“But sometimes I want to take the wrong way on purpose. I want to say hurtful things. But I don’t.”

“Just out loud to yourself.”

“Yes.”

“Letting it out in safe ways.”

“Yes.”

They breathed together in time.

“I hate not having the time to be me. That makes it hard to see the right ways.”

“Yes, I see.” Happy nodded.

Did you enjoy my creative writing?

Are holidays okay for you?

My van by the side of a canal near Liverpool, UK

It’s probably a strange question, but are holidays okay for you? It’s on my mind because I’m actually on holiday this week but here I am writing to you. That’s partly because a friend cancelled our trip to North Wales and I’m pootling about in the North West of England by myself (which I love, by the way).

At first it didn’t feel okay, because it was a big change and there was, suddenly, this big empty array of days in front of me. But as I relax into it, I’m enjoying lazy mornings, going to discover places and take photos, and reading, lots of reading! What kinds of holidays do you like?

I’m reading about ADHD, which I resonate with a huge deal (I’ve been waiting for an assessment since September 2020). And I’ve been reflecting on my coaching clients who have ADHD. Most of them have had post-traumatic stress disorder too.  Both of these things are neurodiverse traits. The former is how the brain is wired and the latter can be healed.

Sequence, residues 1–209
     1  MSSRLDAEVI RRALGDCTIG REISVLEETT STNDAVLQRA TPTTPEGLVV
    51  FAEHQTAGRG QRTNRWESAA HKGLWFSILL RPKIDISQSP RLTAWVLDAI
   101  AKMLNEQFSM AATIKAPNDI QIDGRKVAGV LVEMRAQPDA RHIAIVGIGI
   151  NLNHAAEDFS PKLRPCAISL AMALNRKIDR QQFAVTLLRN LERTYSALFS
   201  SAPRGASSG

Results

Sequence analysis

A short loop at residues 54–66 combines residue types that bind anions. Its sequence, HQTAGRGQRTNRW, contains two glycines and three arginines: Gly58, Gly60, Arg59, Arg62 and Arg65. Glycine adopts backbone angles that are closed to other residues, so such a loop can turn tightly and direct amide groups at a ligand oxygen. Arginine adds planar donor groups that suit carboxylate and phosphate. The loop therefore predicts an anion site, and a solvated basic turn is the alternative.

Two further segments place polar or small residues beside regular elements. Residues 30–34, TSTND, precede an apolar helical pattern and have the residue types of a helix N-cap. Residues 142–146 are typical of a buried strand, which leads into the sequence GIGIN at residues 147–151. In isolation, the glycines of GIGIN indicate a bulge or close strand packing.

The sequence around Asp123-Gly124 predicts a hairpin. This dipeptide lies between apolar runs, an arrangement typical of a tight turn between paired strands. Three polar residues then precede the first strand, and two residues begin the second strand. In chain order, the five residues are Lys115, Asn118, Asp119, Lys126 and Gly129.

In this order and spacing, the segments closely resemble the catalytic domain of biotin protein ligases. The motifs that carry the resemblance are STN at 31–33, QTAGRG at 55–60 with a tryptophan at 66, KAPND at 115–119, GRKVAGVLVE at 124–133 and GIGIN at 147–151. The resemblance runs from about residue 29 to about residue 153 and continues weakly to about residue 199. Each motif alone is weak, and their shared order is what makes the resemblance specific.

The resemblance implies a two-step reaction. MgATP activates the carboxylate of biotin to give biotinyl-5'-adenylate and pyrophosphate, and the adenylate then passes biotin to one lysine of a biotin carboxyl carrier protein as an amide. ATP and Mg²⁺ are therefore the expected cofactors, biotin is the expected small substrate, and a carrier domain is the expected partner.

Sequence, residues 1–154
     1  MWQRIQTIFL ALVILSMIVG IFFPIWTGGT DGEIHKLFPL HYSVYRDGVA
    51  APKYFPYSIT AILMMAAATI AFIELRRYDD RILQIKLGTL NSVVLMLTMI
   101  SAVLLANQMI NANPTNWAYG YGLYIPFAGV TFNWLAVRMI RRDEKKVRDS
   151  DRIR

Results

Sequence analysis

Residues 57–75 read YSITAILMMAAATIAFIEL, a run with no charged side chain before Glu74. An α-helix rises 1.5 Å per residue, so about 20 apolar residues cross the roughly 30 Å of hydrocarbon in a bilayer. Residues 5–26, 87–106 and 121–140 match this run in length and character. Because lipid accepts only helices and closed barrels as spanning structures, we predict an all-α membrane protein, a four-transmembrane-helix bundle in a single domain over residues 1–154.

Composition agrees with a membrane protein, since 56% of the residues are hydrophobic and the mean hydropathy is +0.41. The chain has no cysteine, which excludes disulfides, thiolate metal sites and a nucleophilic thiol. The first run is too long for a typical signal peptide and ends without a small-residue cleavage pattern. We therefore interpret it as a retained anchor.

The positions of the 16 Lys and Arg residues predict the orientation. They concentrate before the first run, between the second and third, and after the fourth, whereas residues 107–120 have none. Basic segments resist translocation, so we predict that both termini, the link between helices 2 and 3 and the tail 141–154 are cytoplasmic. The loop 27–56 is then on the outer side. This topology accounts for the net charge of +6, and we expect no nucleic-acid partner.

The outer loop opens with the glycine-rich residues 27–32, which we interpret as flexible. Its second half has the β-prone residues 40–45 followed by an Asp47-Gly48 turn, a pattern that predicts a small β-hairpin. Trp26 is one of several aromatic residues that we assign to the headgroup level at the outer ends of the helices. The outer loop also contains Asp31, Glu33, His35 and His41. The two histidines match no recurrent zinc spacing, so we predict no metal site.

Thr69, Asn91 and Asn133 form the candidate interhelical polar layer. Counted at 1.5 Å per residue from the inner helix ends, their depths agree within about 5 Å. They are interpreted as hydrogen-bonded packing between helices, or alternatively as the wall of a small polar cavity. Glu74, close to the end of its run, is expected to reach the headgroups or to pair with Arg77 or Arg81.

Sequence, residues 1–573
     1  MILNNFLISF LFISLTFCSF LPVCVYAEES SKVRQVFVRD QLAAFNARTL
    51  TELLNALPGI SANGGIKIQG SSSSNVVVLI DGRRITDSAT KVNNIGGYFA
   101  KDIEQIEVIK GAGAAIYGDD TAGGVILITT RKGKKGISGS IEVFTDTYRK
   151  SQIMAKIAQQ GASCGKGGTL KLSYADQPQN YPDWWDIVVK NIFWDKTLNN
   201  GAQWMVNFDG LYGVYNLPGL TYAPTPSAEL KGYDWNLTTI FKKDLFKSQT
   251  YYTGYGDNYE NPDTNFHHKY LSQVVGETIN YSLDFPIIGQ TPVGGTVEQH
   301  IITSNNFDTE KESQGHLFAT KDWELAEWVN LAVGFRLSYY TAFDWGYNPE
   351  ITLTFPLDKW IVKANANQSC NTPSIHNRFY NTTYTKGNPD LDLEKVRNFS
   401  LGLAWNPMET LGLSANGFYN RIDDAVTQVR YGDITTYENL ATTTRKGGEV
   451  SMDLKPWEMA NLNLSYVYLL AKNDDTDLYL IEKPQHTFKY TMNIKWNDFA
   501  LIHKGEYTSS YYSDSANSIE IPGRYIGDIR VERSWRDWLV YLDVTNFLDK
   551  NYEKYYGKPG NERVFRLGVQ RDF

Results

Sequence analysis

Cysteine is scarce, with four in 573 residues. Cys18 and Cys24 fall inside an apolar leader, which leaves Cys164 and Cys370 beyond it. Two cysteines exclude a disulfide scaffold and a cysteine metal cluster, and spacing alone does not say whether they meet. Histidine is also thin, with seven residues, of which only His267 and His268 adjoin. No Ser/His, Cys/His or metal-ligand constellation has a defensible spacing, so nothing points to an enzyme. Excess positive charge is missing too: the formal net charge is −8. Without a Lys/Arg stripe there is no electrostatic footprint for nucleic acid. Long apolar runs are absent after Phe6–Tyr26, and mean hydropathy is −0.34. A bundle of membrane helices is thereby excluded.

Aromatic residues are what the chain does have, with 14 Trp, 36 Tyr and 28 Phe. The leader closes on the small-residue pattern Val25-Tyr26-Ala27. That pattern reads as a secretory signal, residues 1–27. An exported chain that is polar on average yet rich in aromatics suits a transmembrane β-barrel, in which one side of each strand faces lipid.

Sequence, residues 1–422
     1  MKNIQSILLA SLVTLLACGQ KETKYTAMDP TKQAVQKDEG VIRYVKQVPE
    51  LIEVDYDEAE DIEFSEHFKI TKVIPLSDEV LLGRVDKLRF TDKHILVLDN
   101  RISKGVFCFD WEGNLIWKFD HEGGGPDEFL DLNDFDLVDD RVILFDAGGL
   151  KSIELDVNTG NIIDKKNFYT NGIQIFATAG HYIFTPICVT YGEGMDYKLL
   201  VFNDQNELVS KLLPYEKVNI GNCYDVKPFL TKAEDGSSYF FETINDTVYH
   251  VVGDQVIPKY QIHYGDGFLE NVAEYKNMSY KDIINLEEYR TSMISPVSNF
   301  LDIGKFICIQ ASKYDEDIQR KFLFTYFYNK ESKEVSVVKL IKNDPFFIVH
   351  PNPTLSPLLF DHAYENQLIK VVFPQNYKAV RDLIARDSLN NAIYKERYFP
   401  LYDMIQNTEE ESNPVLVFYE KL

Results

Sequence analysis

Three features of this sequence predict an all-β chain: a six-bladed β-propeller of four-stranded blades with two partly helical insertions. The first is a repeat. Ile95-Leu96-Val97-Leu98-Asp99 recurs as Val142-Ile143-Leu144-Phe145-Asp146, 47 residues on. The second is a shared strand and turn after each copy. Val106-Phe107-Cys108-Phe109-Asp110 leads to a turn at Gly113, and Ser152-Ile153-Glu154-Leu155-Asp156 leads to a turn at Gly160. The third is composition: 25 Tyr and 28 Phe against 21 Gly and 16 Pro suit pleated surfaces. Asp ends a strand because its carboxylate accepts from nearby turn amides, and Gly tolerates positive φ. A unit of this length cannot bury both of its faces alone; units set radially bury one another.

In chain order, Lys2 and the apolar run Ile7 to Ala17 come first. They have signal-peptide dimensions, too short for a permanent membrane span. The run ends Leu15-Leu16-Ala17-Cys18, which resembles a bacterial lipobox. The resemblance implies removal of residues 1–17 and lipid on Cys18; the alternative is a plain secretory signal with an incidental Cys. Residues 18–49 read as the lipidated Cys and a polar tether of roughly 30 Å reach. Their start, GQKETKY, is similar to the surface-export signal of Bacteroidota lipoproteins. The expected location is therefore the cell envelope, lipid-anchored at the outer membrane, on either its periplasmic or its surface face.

Both types of neurodiversity need some kind of support. Often one goes hand in hand with the other. Afterall, this world is set up for neuro-‘normal’ people and any kind of discrimination tends to feel traumatic for the person being discriminated against. I’m sure I’m preaching to the choir with that statement! What do you think?

Anyway, with that in mind, I’d like to let you know that I offer therapeutic coaching for exactly this kind of thing – neurodiversity. Coaching can help to identify and overcome the things that paralyse you so that you can focus on the things you really want to do and have and be.